Cecilia A. Cordova Vallejos
Montefiore Medical Center / Albert Einstein School of Medicine
Bronx, New York, United States
55 years-old right-handed woman without past medical history presented to Emergency Department for right-sided weakness and slurred speech. Last known well at 11pm, woke up at 7am with formerly mentioned symptoms. She denied difficulty swallowing, vertigo or blurry/double vision. NIH Stroke score of 4 on admission.
CT head negative for acute hemorrhage/demarcated infarct. No t-PA nor thrombectomy, given onset of symptoms and absence of large vessel obstruction. She was started on DAPT for 21 days and statin for secondary stroke prevention. MRI brain revealed Left CR/IC infarct and subacute Right temporoparietal infarct thought to be cardioembolic in nature due to distribution. MRA brain showed mild focal stenosis in M2 of L MCA, poor flow in distal PCA compared to right. Workup, including TTE, Holter monitor and ILR, and vasculitis and inflammatory disease labs, negative.
Discussions: There is no universally accepted definition for cryptogenic stroke (those that do not have a determined etiology), thought to account for 15-40% of strokes.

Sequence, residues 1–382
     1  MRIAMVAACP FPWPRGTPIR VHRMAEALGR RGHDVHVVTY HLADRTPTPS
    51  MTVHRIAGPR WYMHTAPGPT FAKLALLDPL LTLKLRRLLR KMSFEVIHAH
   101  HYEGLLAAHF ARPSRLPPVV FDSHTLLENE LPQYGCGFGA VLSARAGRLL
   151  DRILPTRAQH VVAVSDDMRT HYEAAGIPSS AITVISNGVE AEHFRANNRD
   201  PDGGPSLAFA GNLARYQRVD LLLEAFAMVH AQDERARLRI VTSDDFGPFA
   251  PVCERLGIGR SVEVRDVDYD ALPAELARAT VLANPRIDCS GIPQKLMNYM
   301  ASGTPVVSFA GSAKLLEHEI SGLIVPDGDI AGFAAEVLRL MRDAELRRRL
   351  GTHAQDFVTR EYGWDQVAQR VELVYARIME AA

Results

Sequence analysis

Prognosis varies and secondary stroke prevention follows the most probable cause, including anticoagulation decision, with a high probability of recurrence.
Rehabilitation programs do not distinguish this stroke population, and no systematic review has been made regarding their rehabilitation process, barriers for discharge, and functional gain in the acute and long term phases.
Conclusions: Cryptogenic stroke has been scarcely reported nor studied in the rehabilitation world. There is no clear knowledge if this patients have a better/worse rehabilitation outcome compared to known-etiology strokes, if present with different complications (from the underlying unknown-etiology), or rehabilitation prognosis, etc. Given the exquisite opportunity of rehabilitation medicine to follow up these patients during their whole rehabilitation process and workup, more research/reports are needed to better understand, treat, and help them regain their functionality and aim for the best health-outcome they can.